AlliedSignal has refuted claims by Beriev that it is responsible for new delays to the maiden flight of its Be-200 twin-turbofan amphibian. The Russian company had alleged that non-arrival of avionics from AlliedSignal, coupled with funding shortages, had stopped the aircraft making its first flight.
The absence of the Be-200 was a major disappointment at a generally lacklustre Hydroaviation show at Gelendzhik on Russia's Black Sea coast from 30 June to 5 July.
The Tagenrog-based manufacturer, which is part of Sukhoi Aviation-Military Industrial Complex, has been plagued with funding difficulties. The prototype Be-200 was rolled out in September 1996 and was scheduled to make its maiden flight the following year. It took until August 1997 for the partners to obtain the finance just to pay for the Progress D-436TP turbofans - and the financial pressures do not appear to have eased.
"The money difficulties our industry is experiencing have caused substantial delays to our programme," says Beriev's general designer, Gennadi Panatov. "We had expected to achieve a first flight in May but we are still awaiting delivery of the systems from AlliedSignal. If we had received the system even by early June, the Be-200 would have flown at the show."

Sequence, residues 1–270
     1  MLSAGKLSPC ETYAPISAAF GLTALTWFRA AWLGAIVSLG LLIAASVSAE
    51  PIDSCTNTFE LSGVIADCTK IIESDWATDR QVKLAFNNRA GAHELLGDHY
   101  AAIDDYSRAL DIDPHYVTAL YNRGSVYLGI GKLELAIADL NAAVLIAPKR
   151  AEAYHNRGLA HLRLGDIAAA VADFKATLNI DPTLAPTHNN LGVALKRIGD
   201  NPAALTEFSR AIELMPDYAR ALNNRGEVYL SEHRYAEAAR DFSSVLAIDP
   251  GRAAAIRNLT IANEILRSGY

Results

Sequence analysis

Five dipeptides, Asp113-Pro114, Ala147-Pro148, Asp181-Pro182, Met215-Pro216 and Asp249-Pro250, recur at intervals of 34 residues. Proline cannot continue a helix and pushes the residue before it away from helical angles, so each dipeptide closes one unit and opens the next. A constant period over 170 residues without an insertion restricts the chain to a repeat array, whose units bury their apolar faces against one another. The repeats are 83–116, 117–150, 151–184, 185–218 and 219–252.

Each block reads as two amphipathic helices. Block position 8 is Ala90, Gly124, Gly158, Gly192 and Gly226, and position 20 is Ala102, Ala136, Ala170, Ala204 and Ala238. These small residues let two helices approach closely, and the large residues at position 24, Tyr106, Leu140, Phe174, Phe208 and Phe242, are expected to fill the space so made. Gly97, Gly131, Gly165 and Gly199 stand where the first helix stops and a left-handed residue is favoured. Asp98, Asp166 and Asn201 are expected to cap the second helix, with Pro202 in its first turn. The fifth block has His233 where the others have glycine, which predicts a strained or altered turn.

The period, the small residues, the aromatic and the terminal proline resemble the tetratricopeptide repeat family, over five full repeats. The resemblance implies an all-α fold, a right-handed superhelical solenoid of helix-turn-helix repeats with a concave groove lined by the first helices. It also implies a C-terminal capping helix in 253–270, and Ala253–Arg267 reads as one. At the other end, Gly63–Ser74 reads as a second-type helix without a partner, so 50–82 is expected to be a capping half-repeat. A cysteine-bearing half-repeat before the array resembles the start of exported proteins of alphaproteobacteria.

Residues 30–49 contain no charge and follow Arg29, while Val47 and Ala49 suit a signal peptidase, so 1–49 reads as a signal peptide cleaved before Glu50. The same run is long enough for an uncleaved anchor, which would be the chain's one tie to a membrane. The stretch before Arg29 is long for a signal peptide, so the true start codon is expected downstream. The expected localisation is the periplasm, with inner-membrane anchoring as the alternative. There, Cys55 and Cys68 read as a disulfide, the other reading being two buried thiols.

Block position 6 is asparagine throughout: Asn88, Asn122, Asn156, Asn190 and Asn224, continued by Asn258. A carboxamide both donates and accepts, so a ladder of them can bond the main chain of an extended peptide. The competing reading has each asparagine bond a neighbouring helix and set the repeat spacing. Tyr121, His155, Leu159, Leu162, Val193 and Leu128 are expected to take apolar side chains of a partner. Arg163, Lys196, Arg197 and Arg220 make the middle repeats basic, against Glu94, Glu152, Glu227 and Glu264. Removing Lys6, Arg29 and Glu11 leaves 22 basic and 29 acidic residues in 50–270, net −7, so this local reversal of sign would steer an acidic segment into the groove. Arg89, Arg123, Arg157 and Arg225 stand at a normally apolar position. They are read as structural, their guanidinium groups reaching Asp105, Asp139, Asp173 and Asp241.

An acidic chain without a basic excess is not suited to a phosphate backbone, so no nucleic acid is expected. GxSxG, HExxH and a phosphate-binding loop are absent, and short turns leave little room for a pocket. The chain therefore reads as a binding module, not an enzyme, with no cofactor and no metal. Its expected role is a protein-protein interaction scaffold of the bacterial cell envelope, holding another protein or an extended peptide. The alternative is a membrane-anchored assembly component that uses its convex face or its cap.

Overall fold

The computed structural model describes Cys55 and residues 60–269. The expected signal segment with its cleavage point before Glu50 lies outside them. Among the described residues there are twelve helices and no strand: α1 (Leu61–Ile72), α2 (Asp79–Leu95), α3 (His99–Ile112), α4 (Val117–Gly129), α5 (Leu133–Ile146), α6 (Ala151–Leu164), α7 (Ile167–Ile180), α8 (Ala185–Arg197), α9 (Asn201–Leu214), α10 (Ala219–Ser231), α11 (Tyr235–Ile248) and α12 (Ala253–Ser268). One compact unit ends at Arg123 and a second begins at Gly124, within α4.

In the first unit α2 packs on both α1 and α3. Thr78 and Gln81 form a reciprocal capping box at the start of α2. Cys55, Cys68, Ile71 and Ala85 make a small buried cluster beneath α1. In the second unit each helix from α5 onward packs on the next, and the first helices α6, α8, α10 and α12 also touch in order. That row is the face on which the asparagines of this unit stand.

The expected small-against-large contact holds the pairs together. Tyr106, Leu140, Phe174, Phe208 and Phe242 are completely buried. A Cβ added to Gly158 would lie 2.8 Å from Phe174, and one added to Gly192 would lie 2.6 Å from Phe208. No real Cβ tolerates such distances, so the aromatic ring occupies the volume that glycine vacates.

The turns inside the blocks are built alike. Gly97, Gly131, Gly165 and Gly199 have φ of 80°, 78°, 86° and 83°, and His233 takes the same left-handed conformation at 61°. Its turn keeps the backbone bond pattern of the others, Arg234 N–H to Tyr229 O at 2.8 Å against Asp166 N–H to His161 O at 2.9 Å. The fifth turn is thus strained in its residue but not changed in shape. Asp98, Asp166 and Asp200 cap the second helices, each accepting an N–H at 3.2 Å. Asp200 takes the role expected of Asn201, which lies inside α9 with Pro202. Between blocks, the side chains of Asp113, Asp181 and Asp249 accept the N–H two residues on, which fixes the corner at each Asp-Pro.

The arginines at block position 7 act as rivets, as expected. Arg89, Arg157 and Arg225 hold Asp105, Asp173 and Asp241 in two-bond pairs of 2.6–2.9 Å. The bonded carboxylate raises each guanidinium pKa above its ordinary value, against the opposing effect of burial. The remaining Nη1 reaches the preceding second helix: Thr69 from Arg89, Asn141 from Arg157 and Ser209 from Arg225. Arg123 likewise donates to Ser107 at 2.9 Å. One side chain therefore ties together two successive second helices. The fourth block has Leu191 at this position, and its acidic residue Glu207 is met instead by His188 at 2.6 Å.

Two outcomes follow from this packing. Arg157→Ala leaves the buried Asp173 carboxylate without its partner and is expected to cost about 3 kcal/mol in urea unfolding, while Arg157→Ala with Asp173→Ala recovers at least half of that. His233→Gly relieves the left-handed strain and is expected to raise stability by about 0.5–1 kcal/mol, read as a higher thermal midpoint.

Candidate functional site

AlliedSignal hit back saying it had delivered the digital avionics to the Russian consortium which is developing the Aria 200 integrated avionics suite for the aircraft.
"We are not responsible for the non-appearance of the Be-200 at the show," says the company.
Despite the non-appearance of the multi-role amphibian, the show played host to three other members of Beriev's line-up.
The modernised Be-128, dubbed the Be-12P-200, is acting as a testbed for the Be-200 avionics and was also demonstrated as a water bomber. Two Be-12Ps are already involved in firefighting in Siberia and Beriev reckons there are about 160 aircraft that could be modified to the new role.An A-40 twinjet was also on show while the Be-103 piston twin made its show debut.
Source: Flight International